Catalyst

Moving from "I wish" to "I will" with SMART Goals with a Strong Heart!

It’s summertime here in Colorado, and it’s 14er season for Russell. This is one of my SMART goals: that I want to climb all fifty-four 14,000-foot mountains over a five-year period. This is personally enriching for me but also very satisfying to be able to go from the valley to be able to summit the peaks of so many of these 14ers that are throughout Colorado.

Mt Yale, Colorado 14,196’ August 17,  2019

Mt Yale, Colorado 14,196’ August 17, 2019

More than just making the summit, it’s also the enrichment and the experience of being able to do that with other people who want to join me on the journey. This is something that’s not just an event but an experience that’s really built out as a long-term goal over a lifetime. What are some of your goals that you’re working towards? 

Just last week, I was coaching with a leader in Mexico, and he had this great desire to grow his business to the next level. The more we listened, I heard just some general and vague and even confusing language around some of the goals that he has to grow his business to the next level. As we talked more, I asked him if he had ever heard of SMART goals. That was the first he had ever heard of that language.

SMART goals invites you to be able to take some of your general aspirations, to be able to see something accomplished in bringing a specific framework around some of those things. What are some of your goals? If you and I were sitting one-on-one and we were just to take a moment and write down some of those things, what would those goals be? Would they be general and vague, or would they be specific and measurable and relevant and something that’s time-bound that you hope to see accomplished? Maybe it’s in five years, or maybe it’s in the next quarter.

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Again, this is your opportunity to write down some of these things, and do they pass the test of being SMART? Well, just in the context of our 14ers, one of the realities of going to the next level, especially in Colorado, is the lack of oxygen. The idea of capacity is a very real thing. It’s one thing to be able to aspire towards the next level of achieving those goals. The second area is this idea of capacity. Often taught in the coaching context that I have with leaders is that opportunities plus challenges equal growth. As you step into the opportunity of your goal, suddenly you’re met with a challenge. And that challenge, at least for me this past weekend, was the lack of oxygen.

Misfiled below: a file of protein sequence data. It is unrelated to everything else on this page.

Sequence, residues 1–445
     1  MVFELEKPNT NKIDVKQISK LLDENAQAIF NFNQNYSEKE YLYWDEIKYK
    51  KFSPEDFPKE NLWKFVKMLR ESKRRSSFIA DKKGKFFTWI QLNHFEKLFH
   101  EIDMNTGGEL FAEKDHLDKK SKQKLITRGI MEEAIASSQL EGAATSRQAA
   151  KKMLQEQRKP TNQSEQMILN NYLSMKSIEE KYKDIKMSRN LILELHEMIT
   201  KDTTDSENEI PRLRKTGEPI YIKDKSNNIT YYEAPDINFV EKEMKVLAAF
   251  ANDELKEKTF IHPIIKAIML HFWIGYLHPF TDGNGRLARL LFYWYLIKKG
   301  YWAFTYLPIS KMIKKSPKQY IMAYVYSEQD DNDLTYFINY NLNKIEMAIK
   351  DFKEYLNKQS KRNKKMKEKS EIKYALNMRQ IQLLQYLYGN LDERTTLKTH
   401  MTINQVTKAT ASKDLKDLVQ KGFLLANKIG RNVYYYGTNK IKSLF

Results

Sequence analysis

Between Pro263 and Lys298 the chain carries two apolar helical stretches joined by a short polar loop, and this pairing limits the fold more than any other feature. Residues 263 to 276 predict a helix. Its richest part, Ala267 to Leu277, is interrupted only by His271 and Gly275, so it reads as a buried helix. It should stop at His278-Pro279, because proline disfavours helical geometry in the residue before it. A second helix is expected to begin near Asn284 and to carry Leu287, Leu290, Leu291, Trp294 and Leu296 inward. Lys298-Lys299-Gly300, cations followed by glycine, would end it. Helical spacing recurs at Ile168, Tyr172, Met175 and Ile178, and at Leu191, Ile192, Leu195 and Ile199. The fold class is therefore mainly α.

What do you have to do to increase your capacity? So let’s get those goals defined in terms of what’s SMART, and then let’s really identify, really, what is the capacity and where you need to grow and develop. These are five specific areas that allow you to look at some of those capacities that, as you do, that will invite you to grow to the next level of your leadership.

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Finally, in terms of that engagement, just as you look at all the things that you’re involved with, the opportunities, the commitments, perhaps there’s some things that you need to just evaluate: “What do I need to stop so that I can start doing some of those right things?” As you make that list and it begins to narrow, when you see those lists of activities before you, it gives you some clarity in terms of what you need to start, what you need to stop, and some areas where just you need to grow as a leader.

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Ultimately, if you feel stuck today in terms of your goals, I wonder what might be holding you back. What could be distracting your focus or even robbing your energy? This is one of those areas we’re trying to get some clarity in terms of your desire to want to grow to the next level and advance as a leader. What are the things that are holding you back? 

As you get clarity and even being SMART in terms of just your focus and your goals and how you need to grow your capacity, it’s going to get you moving forward so you advance to the next level in your leadership.

Designing Your Leadership Team Retreat - 3 Planning Questions

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I'm just returning from a time in the mountains. 

Breathing in the Colorado mountain air this week, I sat with an executive at a four-day leadership retreat. He exhaled after a full week he shared, "I know this will make me a stronger leader. " Then in an emotional moment he reflected, " I believe this will change my life as a human. It's making a difference from the inside out and who I want to become a better husband, father, and at work."